Druidstone: The Secret of Menhir Forest (****) is not going to be winning any prizes for originality, but it is a tightly-designed fantasy tactics game with a nice story, interesting characters and some fiendishly designed missions. These make up for a sometimes confusing UI and a lack of voice acting in the game. The title is available now on PC.
Monday, 1 August 2022
- Disney+ delays STAR WARS TV show ANDOR
- KNIGHTS OF THE OLD REPUBLIC remake on hold at Aspyr
- Marvel outlines the future of their cinematic universe
- Netflix releases trailer for THE SANDMAN
- The first new AVATAR: THE LAST AIRBENDER project will feature the original cast
- FOR ALL MANKIND renewed for a fourth season
- Amazon releases another RINGS OF POWER trailer
- Disney in talks to acquire overseas streaming rights to DOCTOR WHO
- WHEEL OF TIME formally renewed for a third season
- DUNGEONS & DRAGONS movie gets its first trailer
- A first look at the characters from the upcoming DUNGEONS & DRAGONS/FORGOTTEN REALMS movie
- Bear McCreary confirmed as THE RINGS OF POWER composer, Howard Shore to write main theme
- HBO releases full trailer for HOUSE OF THE DRAGON
- HBO dishes the dirt on GAME OF THRONES spin-off ideas
- JV Jones closing in on the end of ENDLORDS
- DUNE: PART TWO enters production
- First shots of the FALLOUT TV series emerge
- Amazon releases first full-length trailer for THE RINGS OF POWER
- SF model company Eaglemoss enters administration
- Astra Publishing acquire DAW Books
- Anthony Ryan's RAVEN'S SHADOW series optioned for television
- George R.R. Martin offers first WINDS OF WINTER update for a while: no release date yet, book maybe "300 pages" longer than any previous novel
- RIVERS OF LONDON re-optioned for television
- Multiple DOCTOR WHO specials for 60th Anniversary confirmed
- Rockstar shelves GTA4 and RED DEAD REDEMPTION remakes
- Amazon releases new teaser for THE RINGS OF POWER
- Amazon releases first trailer for PAPER GIRLS and confirms airdate
- Kyle MacLachlan joins the FALLOUT TV series
- Scott Bakker's brother shares some insights from the D&D campaign that created the world of Earwa
- SHADOWRUN RPG trilogy released on console
- New Middle-earth book announced for 2022
- Square Enix confirm CRISIS CORE remake this year, FINAL FANTASY VII REMAKE sequel in 2023
- HBO developing GAME OF THRONES sequel series about Jon Snow
- Fan-favourite STAR WARS book character debuts in live-action
- New AVATAR: THE LAST AIRBENDER animated projects expand to three movies and a TV show
- Miranda Otto returning to LORD OF THE RINGS as Eowyn in animated project
- Bethesda shares first in-depth look at STARFIELD
- HOMEWORLD 3 delayed until 2023
- THE LAST OF US to make the jump to PC, releases images from the TV series
- Scott Lynch provides update on his GENTLEMAN BASTARD series
- BERSERK to be completed by Kentaro Miura's lifelong friend and collaborator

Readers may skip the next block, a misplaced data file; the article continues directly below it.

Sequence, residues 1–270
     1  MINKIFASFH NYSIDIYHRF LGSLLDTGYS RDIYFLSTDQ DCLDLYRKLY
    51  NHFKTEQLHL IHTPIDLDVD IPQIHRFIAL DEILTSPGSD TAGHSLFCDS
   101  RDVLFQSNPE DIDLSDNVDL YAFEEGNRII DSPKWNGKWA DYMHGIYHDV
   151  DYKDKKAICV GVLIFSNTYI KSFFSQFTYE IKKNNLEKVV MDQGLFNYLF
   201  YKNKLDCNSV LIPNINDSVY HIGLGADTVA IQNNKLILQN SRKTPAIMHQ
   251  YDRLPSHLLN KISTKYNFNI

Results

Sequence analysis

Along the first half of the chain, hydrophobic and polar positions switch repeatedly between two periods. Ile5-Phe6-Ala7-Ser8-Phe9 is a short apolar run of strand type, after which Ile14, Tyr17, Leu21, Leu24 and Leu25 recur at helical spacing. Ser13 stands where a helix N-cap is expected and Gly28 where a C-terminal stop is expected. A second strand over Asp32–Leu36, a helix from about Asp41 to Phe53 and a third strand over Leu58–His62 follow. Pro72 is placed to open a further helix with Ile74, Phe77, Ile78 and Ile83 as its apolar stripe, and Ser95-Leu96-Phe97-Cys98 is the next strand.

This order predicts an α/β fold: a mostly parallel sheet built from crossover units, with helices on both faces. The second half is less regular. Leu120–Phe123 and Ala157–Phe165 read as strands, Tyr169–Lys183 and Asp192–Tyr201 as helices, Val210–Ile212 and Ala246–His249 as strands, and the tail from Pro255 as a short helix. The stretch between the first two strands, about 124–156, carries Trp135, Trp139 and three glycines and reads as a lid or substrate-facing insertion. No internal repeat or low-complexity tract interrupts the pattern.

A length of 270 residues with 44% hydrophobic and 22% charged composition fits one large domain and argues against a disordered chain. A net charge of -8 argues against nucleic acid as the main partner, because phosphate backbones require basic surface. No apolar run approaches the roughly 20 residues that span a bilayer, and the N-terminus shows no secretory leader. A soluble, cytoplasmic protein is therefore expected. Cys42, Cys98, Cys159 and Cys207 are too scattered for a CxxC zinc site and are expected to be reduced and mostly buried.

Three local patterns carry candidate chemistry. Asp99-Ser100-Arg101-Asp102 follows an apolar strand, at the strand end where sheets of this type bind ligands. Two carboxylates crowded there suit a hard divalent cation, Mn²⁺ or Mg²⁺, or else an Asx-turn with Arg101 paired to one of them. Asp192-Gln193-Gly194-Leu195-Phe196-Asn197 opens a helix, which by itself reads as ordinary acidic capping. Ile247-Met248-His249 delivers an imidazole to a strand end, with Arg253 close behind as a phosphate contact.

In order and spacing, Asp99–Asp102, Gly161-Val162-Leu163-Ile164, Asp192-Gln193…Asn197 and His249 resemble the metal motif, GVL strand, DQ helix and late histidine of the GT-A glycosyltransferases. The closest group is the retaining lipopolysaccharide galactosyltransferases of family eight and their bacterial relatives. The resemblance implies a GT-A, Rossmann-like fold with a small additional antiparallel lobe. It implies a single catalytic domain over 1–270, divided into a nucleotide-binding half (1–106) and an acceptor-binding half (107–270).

- SANDMAN gets full trailer and release date
- Sony's SPIDER-MAN video games coming to PC
- DRAGON AGE: DREADWOLF announced by BioWare
- First WARHAMMER 40,000 video roleplaying game announced
- Mess Effect: A Nitpicker's Guide to the Universe That Fell Apart by Shamus Young
- Mass Effect: Andromeda
- Thor: Love and Thunder
- Stranger Things 4
- Mass Effect: Legendary Edition
- Doctor Strange in the Multiverse of Madness
- Star Wars: Obi-Wan Kenobi - Season 1
- The Amazing Maurice and His Educated Rodents by Terry Pratchett
- The Last Hero by Terry Pratchett and Paul Kidby
- Thief of Time by Terry Pratchett
- Agents of SHIELD: Season 5
- Hardspace: Shipbreaker
- Agents of SHIELD: Season 4
- Piranesi by Susanna Clarke
Atlas of Ice and Fire
Disney+ has delayed the launch of its next Star Wars TV series, Andor, by three weeks. The show will now launch on 21 September.
Andor is a prequel to the movie Rogue One and follows a young Cassian Andor as he takes up arms against the Empire for the first time. However, the film also has a more epic scope and follows Mon Mothma and other dignitaries on Coruscant as they take their first faltering steps in opposing the tyrannical government that the Galactic Empire has become. Other storylines span the Star Wars galaxy instead of the very tight focus on single characters from The Mandalorian, The Book of Boba Fett and Obi-Wan Kenobi.
The reason for moving Andor is unclear, but there is speculation that it was to move it out of a crowded launch window which would have seen it going head-to-head with She-Hulk: Attorney at Law (17 August), House of the Dragon (21 August) and The Rings of Power (2 September).
Andor sees Diego Luna reprise his role as Cassian Andor from Rogue One. Forest Whitaker also returns as Saw Gerrera, a role he played in Rogue One and also in Star Wars: Rebels. Genevieve O'Reilly returns as Mon Mothma, a role she played in Rogue One and Star Wars Episode III: Revenge of the Sith. Stellan Skarsgård also stars as Luthen. Adria Arjona, Kyle Soller, Fiona Shaw, Anton Lesser, Ben Miles, Robert Emms and David Hayman have unconfirmed roles.